Jean Paul Sartre, Simone de Beauvoir and Raymond Aron discover phenomenology, realising that philosophy can come from anything - even an apricot cocktail. Existentialism is born.
Paris, 1933: Three contemporaries meet over apricot cocktails at the Bec-de-Gaz bar on the rue Montparnasse. They are the young Jean-Paul Sartre, Simone de Beauvoir and longtime friend Raymond Aron, a fellow philosopher who raves to them about a new conceptual framework from Berlin called Phenomenology. "You see," he says, "if you are a phenomenologist you can talk about this cocktail and make philosophy out of it!"
It was this simple phrase that ignited a movement, inspiring Sartre to integrate Phenomenology into his own French, humanistic sensibility, creating an entirely new philosophical approach inspired by themes of radical freedom, authentic being and political activism. This movement swept through the jazz clubs and cafés of the Left Bank before making its way across the world as Existentialism.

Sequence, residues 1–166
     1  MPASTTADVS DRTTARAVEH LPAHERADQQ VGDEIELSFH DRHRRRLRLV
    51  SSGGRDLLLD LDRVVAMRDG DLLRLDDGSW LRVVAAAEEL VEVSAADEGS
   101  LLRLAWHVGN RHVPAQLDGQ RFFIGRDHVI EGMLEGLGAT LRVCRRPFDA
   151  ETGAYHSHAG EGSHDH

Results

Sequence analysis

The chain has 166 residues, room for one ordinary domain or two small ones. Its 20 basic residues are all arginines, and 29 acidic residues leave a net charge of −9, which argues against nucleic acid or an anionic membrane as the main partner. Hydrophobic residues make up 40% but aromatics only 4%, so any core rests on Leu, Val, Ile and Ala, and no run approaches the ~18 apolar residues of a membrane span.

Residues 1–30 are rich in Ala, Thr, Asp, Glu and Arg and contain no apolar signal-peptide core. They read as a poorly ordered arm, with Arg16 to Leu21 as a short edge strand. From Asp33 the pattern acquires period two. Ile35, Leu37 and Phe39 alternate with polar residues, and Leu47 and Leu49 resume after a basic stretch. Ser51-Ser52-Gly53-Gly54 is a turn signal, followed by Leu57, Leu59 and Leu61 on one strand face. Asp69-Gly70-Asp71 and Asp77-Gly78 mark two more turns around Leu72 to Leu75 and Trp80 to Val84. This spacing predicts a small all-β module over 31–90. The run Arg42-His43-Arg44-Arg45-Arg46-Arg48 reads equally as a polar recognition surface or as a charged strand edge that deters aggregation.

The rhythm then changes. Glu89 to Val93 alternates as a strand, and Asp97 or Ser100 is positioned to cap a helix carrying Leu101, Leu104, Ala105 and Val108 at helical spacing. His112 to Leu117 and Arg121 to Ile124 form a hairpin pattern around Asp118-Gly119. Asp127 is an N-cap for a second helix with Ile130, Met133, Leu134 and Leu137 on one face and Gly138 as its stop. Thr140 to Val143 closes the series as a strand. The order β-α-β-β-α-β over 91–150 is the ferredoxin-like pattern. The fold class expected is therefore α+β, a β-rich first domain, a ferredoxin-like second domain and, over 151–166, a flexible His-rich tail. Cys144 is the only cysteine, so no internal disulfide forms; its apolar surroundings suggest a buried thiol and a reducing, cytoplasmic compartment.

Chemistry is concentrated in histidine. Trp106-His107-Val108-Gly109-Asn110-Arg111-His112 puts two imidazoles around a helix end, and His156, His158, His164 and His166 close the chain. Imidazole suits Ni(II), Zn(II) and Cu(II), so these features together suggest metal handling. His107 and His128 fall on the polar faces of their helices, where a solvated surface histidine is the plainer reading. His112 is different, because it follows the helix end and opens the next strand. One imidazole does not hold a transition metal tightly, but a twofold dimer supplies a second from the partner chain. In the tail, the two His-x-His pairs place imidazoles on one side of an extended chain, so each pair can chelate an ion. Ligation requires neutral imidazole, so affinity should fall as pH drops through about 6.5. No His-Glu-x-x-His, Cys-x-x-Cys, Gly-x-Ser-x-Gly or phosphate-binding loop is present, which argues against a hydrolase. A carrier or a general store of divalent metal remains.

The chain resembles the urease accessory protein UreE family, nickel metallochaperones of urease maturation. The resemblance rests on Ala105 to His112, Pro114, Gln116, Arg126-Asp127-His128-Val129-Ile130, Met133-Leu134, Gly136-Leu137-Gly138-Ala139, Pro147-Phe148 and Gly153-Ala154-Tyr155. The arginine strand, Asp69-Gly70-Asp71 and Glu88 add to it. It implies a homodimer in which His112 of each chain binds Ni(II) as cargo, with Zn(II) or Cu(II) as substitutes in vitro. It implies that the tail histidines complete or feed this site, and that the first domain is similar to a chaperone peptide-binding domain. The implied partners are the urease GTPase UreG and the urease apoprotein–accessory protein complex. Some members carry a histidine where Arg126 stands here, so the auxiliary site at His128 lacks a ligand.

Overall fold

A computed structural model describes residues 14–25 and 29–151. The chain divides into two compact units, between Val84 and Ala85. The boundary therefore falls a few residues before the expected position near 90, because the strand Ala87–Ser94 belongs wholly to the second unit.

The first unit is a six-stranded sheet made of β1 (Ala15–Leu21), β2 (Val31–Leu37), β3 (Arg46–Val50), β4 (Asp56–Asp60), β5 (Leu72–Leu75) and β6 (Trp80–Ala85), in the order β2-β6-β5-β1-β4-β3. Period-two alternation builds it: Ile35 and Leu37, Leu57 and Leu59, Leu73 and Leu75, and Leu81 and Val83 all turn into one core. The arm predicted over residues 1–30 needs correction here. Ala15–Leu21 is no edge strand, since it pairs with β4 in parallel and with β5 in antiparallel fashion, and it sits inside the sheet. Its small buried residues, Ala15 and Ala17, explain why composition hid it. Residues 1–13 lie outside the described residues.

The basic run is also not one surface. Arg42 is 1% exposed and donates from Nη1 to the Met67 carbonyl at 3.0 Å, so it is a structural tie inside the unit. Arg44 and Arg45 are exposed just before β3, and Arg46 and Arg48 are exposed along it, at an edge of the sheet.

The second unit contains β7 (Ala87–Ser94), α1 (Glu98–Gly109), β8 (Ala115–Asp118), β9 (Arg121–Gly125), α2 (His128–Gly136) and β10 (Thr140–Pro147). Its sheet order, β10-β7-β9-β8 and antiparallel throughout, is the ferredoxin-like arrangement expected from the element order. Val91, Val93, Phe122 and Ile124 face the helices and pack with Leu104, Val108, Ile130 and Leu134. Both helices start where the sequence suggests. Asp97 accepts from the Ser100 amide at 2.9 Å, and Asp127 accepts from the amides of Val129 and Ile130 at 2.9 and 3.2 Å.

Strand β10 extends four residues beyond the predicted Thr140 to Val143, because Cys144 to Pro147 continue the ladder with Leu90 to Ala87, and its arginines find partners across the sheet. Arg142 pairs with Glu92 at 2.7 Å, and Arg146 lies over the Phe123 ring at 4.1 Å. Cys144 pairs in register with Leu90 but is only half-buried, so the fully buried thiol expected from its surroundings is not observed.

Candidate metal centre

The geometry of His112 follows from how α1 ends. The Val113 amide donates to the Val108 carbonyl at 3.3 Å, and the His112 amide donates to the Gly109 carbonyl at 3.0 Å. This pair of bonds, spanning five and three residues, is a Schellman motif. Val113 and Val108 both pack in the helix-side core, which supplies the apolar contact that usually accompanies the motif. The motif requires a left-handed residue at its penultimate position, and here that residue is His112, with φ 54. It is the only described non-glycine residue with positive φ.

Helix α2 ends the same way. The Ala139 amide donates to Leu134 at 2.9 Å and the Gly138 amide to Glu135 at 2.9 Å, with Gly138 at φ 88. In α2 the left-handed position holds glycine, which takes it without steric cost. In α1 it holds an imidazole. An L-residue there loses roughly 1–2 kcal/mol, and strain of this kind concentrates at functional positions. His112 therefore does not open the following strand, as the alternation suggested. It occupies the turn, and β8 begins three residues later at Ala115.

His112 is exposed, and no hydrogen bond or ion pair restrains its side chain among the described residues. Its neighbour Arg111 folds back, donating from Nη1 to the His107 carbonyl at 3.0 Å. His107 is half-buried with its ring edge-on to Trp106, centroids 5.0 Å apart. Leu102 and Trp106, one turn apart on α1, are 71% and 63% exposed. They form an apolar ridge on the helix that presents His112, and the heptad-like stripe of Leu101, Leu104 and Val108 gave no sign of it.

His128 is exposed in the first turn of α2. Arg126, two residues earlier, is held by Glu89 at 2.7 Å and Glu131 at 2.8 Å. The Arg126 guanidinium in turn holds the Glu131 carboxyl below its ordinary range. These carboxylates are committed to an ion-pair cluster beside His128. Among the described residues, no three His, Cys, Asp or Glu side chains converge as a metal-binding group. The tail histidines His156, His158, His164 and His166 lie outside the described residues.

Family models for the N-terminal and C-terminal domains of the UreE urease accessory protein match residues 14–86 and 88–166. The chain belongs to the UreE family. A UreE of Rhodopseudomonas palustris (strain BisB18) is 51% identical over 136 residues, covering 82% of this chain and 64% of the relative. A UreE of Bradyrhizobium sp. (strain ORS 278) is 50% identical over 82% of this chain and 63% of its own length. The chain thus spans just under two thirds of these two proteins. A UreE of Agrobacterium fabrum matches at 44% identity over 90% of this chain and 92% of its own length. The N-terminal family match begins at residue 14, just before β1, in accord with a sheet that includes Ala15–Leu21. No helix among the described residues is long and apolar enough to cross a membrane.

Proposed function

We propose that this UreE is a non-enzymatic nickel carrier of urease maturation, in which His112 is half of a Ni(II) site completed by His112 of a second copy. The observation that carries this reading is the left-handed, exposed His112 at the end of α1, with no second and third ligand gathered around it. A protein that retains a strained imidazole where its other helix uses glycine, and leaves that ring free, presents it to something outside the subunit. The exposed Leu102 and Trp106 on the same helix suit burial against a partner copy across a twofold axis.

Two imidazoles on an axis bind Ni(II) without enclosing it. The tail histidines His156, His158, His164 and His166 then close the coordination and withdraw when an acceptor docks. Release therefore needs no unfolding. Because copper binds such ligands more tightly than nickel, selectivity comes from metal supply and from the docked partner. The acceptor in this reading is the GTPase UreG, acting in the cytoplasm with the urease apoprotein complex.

Featuring philosophers, playwrights, anthropologists, convicts and revolutionaries, At the Existentialist Café follows the existentialists' story - from the first rebellious spark through the Second World War, to its role in postwar liberation movements such as anticolonialism, feminism, and gay rights.
Interweaving biography and philosophy, this is an epic account of passionate encounters - fights, love affairs, mentorships, rebellions, and long partnership. It's also an investigation into what the existentialists have to offer us today - at a moment when we are once again confronting the major questions of freedom, global responsibility and human authenticity in a fractious and technology-driven world.
Written by Sarah Bakewell
Read by Sasha Behar
Abridged by Polly Coles
Produced by Clive Brill
A Brill production for BBC Radio 4.
You are at the first episode